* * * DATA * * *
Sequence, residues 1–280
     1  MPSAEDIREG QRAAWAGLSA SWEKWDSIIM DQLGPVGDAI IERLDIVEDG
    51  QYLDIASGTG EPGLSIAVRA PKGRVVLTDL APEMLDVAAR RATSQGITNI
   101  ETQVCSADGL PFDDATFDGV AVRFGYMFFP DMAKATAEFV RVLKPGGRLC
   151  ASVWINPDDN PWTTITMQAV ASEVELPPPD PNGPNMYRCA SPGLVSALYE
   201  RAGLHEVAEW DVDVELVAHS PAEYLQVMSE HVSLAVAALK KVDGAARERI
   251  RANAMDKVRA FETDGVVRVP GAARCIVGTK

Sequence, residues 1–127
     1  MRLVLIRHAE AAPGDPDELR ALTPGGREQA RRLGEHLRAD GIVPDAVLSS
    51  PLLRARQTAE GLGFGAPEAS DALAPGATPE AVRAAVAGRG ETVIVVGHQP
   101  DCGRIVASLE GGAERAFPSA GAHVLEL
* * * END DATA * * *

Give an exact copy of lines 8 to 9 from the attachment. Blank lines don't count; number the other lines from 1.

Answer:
Sequence, residues 1–127
     1  MRLVLIRHAE AAPGDPDELR ALTPGGREQA RRLGEHLRAD GIVPDAVLSS